The French word for perfect is parfait, and when you add whole grains and fruit to yogurt to create a delicious breakfast or snack treat, you are perfecting yogurt's already considerable health benefits. Typically, a yogurt parfait consists of layers of yogurt, grains such as granola or crushed gram crackers and fruit. When the fat and calories are low, it can be a healthful choice at fast-food restaurants and coffeehouses.
When not loaded with additional sugar, low-fat or fat-free versions of yogurt are an excellent source of protein, calcium, and probiotics, which are microorganisms that help keep the digestive system working properly, according to information published by the Michigan State University. Fruit imparts a vitamin-rich and naturally sweet characteristic to your yogurt parfait. The U.S. Department of Agriculture recommends that you eat two cups of fruit a day, and a parfait will get you on your way to fulfilling that recommendation. The Harvard School of Public Health says diets rich in fruits and vegetables lower blood pressure and reduce risks of heart disease, strokes, some cancers and some eye problems.
According to Familydoctor.org, the healthiest grains to use are oatmeal, low-fat granola or crushed crackers. These grains are healthiest because they are rich in complex carbohydrates, which regulate your digestive system and your blood sugar levels.
Making it Your Own
Much of the dish's health benefits come from how completely customizable it is, with your choice of yogurt, grain and fruit. Take a cue from the Cleveland Clinic, which recommends adding some slivered nuts, wheat germ or ground flax seeds to add heart-healthy omega-3s and fiber that will keep your digestive system in good shape. Yogurt parfaits are healthy partially because they are so easy to make. If you're in a hurry, throw in some blueberries or raspberries that don't need to be sliced.
You can also add easy extras that maximize a yogurt parfait's health benefits. Drizzle some raw local honey between the parfait's layers. Not only will it add sweet flavor, the 2012 issue of "Evidence Based Complementary and Alternative Medicine" reports honey will boost your immune system and help reduce inflammation throughout your body. Sprinkle some cinnamon to top off your parfait's healthfulness. A study in the March 2009 "American Journal of Clinical Nutrition" found that cinnamon lowers the rise in blood sugar levels following a meal.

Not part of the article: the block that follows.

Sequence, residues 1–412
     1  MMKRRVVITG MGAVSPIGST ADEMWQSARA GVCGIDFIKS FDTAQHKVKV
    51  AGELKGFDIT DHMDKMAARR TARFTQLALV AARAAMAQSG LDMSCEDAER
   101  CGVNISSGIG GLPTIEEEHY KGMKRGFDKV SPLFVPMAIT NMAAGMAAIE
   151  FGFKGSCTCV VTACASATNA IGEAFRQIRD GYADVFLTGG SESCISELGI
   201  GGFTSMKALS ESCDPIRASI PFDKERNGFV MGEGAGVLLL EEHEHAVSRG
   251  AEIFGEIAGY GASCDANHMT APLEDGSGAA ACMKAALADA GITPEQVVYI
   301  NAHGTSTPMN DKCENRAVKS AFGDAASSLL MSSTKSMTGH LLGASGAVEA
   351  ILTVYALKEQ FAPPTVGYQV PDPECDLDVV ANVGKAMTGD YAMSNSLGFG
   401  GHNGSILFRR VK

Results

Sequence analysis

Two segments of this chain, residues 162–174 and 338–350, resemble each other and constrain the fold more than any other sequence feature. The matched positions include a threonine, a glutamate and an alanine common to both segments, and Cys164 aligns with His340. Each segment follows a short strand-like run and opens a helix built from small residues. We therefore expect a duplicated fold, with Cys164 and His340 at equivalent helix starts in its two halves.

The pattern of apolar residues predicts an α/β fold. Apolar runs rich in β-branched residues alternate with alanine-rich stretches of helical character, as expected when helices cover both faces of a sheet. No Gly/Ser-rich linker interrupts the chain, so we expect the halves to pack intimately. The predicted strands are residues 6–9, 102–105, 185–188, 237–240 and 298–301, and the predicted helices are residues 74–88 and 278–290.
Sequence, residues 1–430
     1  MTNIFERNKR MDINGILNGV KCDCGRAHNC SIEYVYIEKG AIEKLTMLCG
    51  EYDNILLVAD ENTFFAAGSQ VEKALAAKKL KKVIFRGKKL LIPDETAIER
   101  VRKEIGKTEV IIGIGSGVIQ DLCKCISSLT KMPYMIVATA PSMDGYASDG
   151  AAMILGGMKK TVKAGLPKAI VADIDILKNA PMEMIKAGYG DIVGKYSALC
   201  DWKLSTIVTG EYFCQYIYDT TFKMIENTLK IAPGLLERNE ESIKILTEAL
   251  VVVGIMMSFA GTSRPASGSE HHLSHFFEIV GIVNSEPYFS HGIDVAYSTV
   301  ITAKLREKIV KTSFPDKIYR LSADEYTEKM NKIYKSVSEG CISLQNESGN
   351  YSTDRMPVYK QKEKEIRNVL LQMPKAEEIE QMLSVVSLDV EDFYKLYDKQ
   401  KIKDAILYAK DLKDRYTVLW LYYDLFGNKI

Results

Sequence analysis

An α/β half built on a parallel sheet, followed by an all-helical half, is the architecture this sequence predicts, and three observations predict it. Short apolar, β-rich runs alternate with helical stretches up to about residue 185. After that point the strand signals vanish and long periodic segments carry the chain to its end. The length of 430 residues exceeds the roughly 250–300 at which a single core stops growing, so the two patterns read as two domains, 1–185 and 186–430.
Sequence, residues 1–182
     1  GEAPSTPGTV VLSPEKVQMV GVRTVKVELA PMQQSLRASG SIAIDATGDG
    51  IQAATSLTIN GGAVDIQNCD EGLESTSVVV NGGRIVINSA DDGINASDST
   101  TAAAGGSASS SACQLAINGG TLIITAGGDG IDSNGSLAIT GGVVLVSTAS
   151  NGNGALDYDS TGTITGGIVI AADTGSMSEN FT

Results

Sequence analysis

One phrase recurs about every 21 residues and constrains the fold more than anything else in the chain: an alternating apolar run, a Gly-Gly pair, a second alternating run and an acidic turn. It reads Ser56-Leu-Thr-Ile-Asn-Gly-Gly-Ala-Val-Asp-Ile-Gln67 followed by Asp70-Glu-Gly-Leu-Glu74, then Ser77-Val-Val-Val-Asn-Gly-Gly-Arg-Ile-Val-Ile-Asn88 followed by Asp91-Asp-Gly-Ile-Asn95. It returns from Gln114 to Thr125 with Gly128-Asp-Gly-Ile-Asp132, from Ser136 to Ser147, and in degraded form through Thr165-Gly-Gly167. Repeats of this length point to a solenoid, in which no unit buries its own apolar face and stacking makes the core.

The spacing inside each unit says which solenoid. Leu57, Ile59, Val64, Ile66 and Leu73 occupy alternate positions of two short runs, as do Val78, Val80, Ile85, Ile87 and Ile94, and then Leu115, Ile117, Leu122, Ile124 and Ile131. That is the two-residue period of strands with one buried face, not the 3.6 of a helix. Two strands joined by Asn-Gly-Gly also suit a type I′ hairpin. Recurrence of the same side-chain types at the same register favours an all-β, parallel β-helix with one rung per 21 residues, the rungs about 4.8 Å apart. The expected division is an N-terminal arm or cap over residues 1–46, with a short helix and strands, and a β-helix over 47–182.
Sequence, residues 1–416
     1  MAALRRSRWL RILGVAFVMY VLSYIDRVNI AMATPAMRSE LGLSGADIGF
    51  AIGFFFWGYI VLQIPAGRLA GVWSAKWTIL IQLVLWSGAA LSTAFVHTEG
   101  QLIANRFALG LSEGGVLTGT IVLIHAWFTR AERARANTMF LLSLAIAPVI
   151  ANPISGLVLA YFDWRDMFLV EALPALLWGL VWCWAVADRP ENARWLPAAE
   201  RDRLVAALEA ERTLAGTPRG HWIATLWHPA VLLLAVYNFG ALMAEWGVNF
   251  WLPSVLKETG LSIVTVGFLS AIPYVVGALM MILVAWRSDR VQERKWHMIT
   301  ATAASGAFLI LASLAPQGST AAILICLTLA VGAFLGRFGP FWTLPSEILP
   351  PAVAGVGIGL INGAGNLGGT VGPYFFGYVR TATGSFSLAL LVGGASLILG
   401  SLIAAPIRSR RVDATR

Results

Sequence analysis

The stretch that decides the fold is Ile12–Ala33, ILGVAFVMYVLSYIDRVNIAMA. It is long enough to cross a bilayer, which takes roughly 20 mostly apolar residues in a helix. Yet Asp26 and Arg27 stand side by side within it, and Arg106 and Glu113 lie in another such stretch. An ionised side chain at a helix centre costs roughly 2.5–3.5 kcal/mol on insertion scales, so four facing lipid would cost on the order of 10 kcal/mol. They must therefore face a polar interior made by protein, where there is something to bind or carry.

One of the key benefits to a yogurt parfait is that it provides an easy to make or purchase a portable and, most importantly, balanced small meal. A meal composed of all the major food categories -- protein, carbohydrates and a small amount of fat -- allows your body to take full advantage of the nutrients provided by each type of food.
Finding Room in Your Diet
At a fast-food restaurant or coffeehouse, a parfait seems like a healthy and appetizing option. Before you make your decision, though, take a few seconds to analyze the calorie and fat information on the parfait, which should be located either on the menu or on the ready-made parfait's label. The American Heart Association calculates that with a typical 2,000-calorie-a-day diet, you should ingest no more than 56 to 77 grams of fat a day. Keep in mind that breakfast should account for a little less than a third of your total daily intake of calories and fat.
- Get Some Culture: Eat Yogurt
- Cleveland Clinic: Tips for a Healthy Breakfast
- Harvard School of Public Health: Vegetables and Fruits
- American Journal of Clinical Nutrition: Effects of 1 and 3 Grams Cinnamon on Gastric Emptying, Satiety, and Postprandial Blood Glucose, Insulin, Glucose-Dependent Insulinotropic Polypeptide, Glucagon-Like Peptide 1, and Ghrelin Concentrations in Healthy Subjects
- Evidence Based Complementary and Alternative Medicine: Honey and Cancer: Sustainable Inverse Relationship Particularly for Developing Nations—A Review